Ever since Descartes, the detached, rational objectivity of the observer has been prized over all other forms of knowledge. Applied to the study of matter and things it has generated huge benefits for humankind. However, the Cartesian agenda was always an imperial one and, emboldened by its success on the right, it has marched ever leftward on the spectrum of the disciplines. In the social sciences, the program has been much less successful. In management, in particular, it is clear that people, unlike objects, react poorly if they sense they are being treated as items; their behavior becomes erratic and unpredictable. People want to be regarded as ends-in-themselves, not as instruments of another’s purpose.
I returned to Canada over the weekend from Lithuania via London, where I “perched” over night before taking the afternoon Air Canada flight from Heathrow to Toronto. The highlight of the past week was my trip to Kaunas, Lithuania to take part in the annual meeting of the Baltic Management Development Association. I sat in on all the sessions that I could and delivered the final keynote on Friday before attending the gala dinner.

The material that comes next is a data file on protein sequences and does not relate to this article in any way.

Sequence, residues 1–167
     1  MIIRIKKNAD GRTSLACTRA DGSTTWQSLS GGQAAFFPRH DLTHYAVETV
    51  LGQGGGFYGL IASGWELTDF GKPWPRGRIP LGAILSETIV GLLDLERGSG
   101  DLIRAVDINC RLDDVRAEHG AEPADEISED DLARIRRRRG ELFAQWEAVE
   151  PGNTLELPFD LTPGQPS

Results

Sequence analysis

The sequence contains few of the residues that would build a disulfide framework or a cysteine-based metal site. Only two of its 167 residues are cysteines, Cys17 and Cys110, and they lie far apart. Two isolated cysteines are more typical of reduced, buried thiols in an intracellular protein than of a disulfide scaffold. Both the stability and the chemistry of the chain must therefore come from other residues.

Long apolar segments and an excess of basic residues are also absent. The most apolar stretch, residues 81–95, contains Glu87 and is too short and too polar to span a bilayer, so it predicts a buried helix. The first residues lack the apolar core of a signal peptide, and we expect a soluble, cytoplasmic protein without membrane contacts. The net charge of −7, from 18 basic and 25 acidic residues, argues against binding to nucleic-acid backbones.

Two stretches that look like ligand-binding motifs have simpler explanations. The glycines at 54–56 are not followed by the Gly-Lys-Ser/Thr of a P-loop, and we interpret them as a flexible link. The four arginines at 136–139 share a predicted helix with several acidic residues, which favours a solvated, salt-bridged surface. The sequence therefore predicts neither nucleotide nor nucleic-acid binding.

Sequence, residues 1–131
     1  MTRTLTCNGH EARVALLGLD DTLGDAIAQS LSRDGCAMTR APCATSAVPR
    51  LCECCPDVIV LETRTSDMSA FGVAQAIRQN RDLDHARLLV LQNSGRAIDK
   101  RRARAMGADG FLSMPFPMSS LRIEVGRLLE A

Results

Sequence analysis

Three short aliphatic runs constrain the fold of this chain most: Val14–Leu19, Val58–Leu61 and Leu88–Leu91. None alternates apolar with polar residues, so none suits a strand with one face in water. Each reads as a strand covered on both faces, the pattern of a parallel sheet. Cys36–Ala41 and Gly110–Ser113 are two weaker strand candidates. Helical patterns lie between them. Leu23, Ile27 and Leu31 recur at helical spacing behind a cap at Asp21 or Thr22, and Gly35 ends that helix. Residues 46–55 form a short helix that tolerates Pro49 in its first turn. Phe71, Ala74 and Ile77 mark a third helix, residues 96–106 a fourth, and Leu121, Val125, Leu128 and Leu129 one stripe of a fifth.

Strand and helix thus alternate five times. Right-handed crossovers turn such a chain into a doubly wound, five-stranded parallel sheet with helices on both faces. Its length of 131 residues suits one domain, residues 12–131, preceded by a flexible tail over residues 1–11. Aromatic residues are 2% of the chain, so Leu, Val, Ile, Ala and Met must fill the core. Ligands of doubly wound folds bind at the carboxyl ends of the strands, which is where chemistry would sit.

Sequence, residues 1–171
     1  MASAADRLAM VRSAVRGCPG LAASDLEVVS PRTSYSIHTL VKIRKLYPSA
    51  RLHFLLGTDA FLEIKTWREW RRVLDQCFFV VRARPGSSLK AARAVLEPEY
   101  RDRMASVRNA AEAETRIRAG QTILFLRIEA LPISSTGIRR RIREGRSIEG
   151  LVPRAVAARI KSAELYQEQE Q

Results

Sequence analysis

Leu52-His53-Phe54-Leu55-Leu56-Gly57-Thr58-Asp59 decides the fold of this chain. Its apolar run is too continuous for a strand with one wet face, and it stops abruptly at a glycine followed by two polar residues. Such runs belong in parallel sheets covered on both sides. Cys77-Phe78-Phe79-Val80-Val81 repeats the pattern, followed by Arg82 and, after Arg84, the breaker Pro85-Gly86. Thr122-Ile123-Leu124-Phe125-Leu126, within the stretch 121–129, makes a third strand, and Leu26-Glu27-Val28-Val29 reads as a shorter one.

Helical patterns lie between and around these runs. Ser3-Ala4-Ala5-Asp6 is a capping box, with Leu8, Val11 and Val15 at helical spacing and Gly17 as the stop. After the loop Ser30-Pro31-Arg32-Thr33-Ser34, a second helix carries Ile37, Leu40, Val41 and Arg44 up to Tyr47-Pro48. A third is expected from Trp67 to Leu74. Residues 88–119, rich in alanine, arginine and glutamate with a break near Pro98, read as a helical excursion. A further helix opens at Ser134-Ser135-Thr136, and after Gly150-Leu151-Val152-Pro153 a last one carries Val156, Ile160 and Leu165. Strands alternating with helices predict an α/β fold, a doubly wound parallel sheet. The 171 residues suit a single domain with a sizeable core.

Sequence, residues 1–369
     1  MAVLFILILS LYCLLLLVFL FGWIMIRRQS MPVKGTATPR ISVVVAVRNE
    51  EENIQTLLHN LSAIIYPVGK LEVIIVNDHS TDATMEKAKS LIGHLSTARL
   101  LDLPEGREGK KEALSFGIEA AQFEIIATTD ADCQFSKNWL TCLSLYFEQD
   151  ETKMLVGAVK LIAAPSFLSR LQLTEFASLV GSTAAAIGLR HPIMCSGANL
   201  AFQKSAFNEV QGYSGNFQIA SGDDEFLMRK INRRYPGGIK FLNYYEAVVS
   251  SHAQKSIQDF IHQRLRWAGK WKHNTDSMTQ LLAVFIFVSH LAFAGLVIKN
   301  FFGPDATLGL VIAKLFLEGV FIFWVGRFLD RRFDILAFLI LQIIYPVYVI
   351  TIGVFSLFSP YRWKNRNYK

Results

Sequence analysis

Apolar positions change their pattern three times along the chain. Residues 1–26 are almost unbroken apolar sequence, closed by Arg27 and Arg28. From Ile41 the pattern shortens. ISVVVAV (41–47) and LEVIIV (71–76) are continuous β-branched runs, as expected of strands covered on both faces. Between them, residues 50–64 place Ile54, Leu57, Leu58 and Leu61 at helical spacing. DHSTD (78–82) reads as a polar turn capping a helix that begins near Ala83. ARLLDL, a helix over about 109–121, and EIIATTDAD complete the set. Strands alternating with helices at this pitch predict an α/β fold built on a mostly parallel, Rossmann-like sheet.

Early on in the week, however, I had the great pleasure of having lunch with Will Hopper at the Garrick Club in London. Will is the Chairman of the Peter Drucker Society in the United Kingdom and I had met him in Vienna at the Drucker Forum in November last year. His recent book, The Puritan Gift, offers an excellent perspective on the American management heritage and where it has gone so badly wrong. The Garrick Club itself is a marvel, founded in 1831 with a long distinguished history and a collection of theatre memorabilia and writings that would grace any museum. We sat at the Members’ Table for lunch, where I found myself seated next to a retired judge and across from Marcus Lovett, the current Phantom in the London production of The Phantom of the Opera. We all had a stimulating conversation over an excellent meal.